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Rouw en performance: in gesprek met Lori Clarke, Guy Cools en Leah Lewis

19 februari 2022, online

  • Online discussie met onder anderen Guy Cools, auteur van Performing Mourning
  • Met drie auteurs die veel hebben geschreven over rouw en performance 

Wat: Online gesprek
Met: Lori Clarke, Guy Cools, Leah Lewis en moderator Lois Brown
Wanneer: 19 februari 2022, 14:00 NST / 18:30 CET
Waar: Zoom 
Gepresenteerd door: 
Neighbourhood Dance Works
Voertaal: Engels
Toegang: Gratis - registreren kan via deze link

Op 19 februari komen Lori Clarke, Guy Cools, Leah Lewis en moderator Lois Brown samen om te praten over rouw en performance. Alledrie hebben veel geschreven over dit onderwerp en hebben daarnaast performances gemaakt over hun ervaringen met rouw. Het is verleidelijk te zeggen dat dit een extra pertinent gesprek is ten tijde van Covid, maar rouw en performance, klaagzangen, rituelen enzovoort, zijn een diepgaand onderdeel van de menselijke ervaring. We zullen beginnen met een aantal vragen/onderwerpen voor Lori, Guy en Leah, en laten tijd over in het programma om terug te horen van andere kunstenaars en aanwezigen.

Guy Cools is dansdramaturg. Hij heeft gewerkt als danscriticus en curator. Hij wijdt zich nu aan productiedramaturgie, onderzoeken en schrijven. Hij geeft regelmatig lezingen en publiceert internationaal. Tot zijn meest recente publicaties behoren: The Ethics of Art (co-ed., 2014); In-between Dance Cultures (2015); Imaginative Bodies (2016); The Choreopolitics of Alain Platel (co-ed., 2019) en Performing Mourning. Laments in Contemporary Art (2021).

Lori Clarke is an artist-researcher and somatic psychotherapist. Lori often collaborates with dance and theatre artists, musicians, filmmakers, and writers, integrating somatic modes of inquiry and companionship in creative process. Lori’s work has touched the theme of grief since her early dance and performance work in the late 1980s and in the early years of this century her performance and installation work explored the meaning of breath in relation to mortality, respiration, the lungs, loss, and sorrow (Breathe, 2000). Lori has supported mothers and new babies being born, accompanied palliative care patients in dying, officiated at funerals, and completed doctoral research relating to grief and embodied responses to climate change. Lori’s healing work, research, and artistic practice all begin with listening, and trusting body wisdom. Lori runs Resonance Somatic Therapy and Consulting in St. John's and is co-founder of Perfomative/ance Inquiry Group (PIG). In 2019 Lori’s son, Cyrus, died by homicide. Since that time she has been experiencing her own personal grief journey that has included creating personal and community ritual out of inner and outer frozen landscapes.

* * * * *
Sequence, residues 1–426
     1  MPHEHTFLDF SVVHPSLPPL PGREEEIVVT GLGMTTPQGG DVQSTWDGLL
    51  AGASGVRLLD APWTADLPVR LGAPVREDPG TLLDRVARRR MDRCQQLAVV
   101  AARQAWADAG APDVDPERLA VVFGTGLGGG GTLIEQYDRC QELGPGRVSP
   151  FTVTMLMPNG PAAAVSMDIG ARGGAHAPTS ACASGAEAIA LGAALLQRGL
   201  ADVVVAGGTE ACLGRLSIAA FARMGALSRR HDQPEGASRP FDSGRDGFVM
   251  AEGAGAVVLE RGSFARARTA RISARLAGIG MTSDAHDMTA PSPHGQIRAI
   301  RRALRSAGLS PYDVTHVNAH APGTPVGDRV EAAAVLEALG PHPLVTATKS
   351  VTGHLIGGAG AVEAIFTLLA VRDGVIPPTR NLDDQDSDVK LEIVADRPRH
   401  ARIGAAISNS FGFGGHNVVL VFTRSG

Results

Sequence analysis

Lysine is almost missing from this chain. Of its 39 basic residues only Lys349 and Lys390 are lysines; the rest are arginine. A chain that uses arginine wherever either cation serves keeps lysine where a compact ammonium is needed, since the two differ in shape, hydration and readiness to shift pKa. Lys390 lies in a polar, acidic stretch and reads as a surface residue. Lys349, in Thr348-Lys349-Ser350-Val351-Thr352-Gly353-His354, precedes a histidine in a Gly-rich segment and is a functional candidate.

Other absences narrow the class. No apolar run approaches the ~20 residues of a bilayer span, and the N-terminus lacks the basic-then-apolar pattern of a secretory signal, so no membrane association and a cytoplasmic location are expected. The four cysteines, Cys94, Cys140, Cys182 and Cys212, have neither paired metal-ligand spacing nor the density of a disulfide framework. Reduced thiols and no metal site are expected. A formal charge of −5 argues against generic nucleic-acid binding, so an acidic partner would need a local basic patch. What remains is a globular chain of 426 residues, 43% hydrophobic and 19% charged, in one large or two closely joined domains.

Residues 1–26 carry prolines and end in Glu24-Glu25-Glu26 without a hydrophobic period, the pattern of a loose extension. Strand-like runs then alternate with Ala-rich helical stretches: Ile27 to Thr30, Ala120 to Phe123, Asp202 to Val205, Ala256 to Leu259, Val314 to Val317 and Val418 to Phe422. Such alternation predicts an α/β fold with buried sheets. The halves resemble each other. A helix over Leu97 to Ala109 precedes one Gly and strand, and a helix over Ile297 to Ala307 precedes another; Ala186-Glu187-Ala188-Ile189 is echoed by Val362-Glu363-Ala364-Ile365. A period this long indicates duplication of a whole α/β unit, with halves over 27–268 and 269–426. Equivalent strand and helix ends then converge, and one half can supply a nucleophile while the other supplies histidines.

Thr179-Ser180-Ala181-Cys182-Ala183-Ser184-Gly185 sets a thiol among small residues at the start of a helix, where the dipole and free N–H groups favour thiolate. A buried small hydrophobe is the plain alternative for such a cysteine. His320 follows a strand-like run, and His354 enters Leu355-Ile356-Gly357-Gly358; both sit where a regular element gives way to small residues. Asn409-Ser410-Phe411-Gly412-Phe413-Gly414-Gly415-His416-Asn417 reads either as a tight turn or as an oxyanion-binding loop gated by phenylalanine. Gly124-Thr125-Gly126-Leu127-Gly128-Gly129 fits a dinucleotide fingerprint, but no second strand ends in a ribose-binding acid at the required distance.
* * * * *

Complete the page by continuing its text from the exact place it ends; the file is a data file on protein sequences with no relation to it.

Leah Lewis is a creative arts therapist, counsellor, and faculty member at MUN's Faculty of Education's masters program in counselling psychology. A long time actor in both theatre and film, Leah combines her arts based approach in her MUN research. Her recent piece, The Dialysis Project (RCAT, May 2021) was presented as a multi-media research performance of her lived experience as a home dialysis patient. Leah's interests in performance based research applies to critical theories of grief and illness, exploring intersecting identities and how these are shaped by lived experience. Her dissertation, Good Grief? Meaning Making Through an End Stage Renal Disease Illness Narrative includes a film output that explores performance of illness narrative and the meaning that is derived. Leah lives in St. John's, Newfoundland.

Lois Brown was born in Corner Brook, Newfoundland. Educated in Drama at the University of Alberta, she returned to St. John’s, where she established a cross-disciplinary artistic practice. She is an original member and past Curator of Neighbourhood Dance Works. In 2005, The Canada Council for the Arts awarded her The Victor Martyn Lynch-Staunton Award for outstanding achievement in theatre by a mid-career Canadian artist. In 2010 to 2013, Lois was Artist and Dramaturg in Residence at Playwrights’ Workshop Montréal. In 2014, she received the YWCA’s Women of Distinction Goodwill award for her contribution to the arts locally and nationally. In 2019, she was also inducted into Dance Collection Danse’s Encore! Dance Hall of Fame. Her current artistic interests are dramaturgy, improvisation and democratization, island studies and disability arts aesthetics and processes. Among her current projects are performance works “Cold Water” with James O’Callaghan and “Invisible Me” with Emma Tibaldo